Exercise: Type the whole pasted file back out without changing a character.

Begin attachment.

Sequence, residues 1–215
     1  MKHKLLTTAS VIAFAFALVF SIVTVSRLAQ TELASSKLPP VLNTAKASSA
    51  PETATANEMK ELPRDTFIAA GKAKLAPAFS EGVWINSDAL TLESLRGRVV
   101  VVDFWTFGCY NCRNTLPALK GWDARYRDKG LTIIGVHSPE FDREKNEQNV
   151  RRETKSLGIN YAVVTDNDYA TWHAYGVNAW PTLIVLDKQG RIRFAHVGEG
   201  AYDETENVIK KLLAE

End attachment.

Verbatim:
Sequence, residues 1–215
     1  MKHKLLTTAS VIAFAFALVF SIVTVSRLAQ TELASSKLPP VLNTAKASSA
    51  PETATANEMK ELPRDTFIAA GKAKLAPAFS EGVWINSDAL TLESLRGRVV
   101  VVDFWTFGCY NCRNTLPALK GWDARYRDKG LTIIGVHSPE FDREKNEQNV
   151  RRETKSLGIN YAVVTDNDYA TWHAYGVNAW PTLIVLDKQG RIRFAHVGEG
   201  AYDETENVIK KLLAE